Emeritus Professor David Rowe (06:33):

It is a strong mythology and it’s so strong that if you want to become an Australian citizen, you get a document to enable you to bone up on what life is like in Australia, and it’s called Australia’s Common Bond. And it tells you that Australia is a nation of good sports. So, officially the Australian government says it, Department of Foreign Affairs and Trade says it in its documentation. There’s this idea that there’s something almost uniquely Australian about an attachment to sport. That everybody loves it, everybody plays it. When the Australian national team is playing, everybody supports that team. Everyone has a local team that they support and they support sport across many areas.

Ginger Gorman (07:28):

This is a really problematic idea, in a way. The idea that sport creates us as a community. In your work, what do you believe about the idea of community when it comes to sport or what do you understand?

Emeritus Professor David Rowe (07:44):

Yeah. I mean, I’m always very skeptical about the term community as a singular noun, because we are members of many communities, and they don’t all fit neatly in with each other, often they’re in conflict. So, I don’t see sport as a community to which we all must be members of. I think that is oppressive. I think at its best it can be a community resource, it can be a lot of fun. It brings people together in various ways. It can also divide them in various ways. So, I think that it’s not compulsory to like sport or participate in sport in Australia, even though it seems like that some of the time.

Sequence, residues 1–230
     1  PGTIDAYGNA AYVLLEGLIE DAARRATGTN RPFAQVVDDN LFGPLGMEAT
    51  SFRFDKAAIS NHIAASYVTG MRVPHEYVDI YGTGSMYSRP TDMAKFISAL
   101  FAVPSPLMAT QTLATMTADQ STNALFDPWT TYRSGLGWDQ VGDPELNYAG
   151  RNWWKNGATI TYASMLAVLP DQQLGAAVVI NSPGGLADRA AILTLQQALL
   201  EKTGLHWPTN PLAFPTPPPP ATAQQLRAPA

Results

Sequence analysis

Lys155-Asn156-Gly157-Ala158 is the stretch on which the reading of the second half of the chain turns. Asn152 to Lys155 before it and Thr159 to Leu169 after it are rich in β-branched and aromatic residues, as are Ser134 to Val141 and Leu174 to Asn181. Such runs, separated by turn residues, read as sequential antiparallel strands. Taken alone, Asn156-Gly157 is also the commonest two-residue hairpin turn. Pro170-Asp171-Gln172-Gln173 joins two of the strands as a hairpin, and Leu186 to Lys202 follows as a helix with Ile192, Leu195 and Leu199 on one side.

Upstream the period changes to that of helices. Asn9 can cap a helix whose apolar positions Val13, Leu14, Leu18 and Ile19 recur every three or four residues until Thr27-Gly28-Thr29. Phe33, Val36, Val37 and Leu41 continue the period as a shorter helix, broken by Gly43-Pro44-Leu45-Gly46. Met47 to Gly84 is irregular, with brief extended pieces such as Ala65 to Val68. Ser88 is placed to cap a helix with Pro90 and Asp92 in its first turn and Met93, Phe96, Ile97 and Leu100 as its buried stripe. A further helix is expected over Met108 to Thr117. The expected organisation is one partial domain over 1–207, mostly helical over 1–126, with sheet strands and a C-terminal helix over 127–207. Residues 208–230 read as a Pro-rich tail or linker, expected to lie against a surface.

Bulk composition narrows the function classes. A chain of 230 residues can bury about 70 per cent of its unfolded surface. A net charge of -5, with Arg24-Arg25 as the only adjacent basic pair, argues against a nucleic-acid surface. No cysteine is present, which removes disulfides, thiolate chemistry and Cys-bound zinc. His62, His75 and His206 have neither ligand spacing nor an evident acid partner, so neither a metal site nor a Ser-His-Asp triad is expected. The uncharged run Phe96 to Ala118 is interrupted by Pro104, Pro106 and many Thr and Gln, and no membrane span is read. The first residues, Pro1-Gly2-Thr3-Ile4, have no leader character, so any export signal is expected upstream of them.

What I would say is that sport is a social and cultural resource, which, if used properly, can enhance life. But if you don’t like sport and it doesn’t mean anything to you, or you get sick to death of it dominating the media, the news media at particular times, such as when there’s Olympic games or something, then you have every right to do so, and you also have the right to be critical of it, rather than just accept it as a package, and one is not allowed to criticize this sacred institution.

Ginger Gorman (09:03):

Well, heaps of Aussies love watching sport on telly, going to a match, keeping up with news about results, and players, and clubs, and codes. When it comes to participation, we are much more likely to go to the gym than join a local touch or netball team.

Emeritus Professor David Rowe (09:19):

Most Australian adults are not regularly active in sport. If you’re talking about regular sport participation that is organised sport in Australia amongst adults, it’s about a fifth of the population. It’s roughly one in five, so it’s not huge. More men than women. There is those who will go along to a stadium and actually pay to watch it. About half of the population, around 50% of adults, because we only surveyed adults. But approaching 90% experience support through the media, specifically television.

Ginger Gorman (09:55):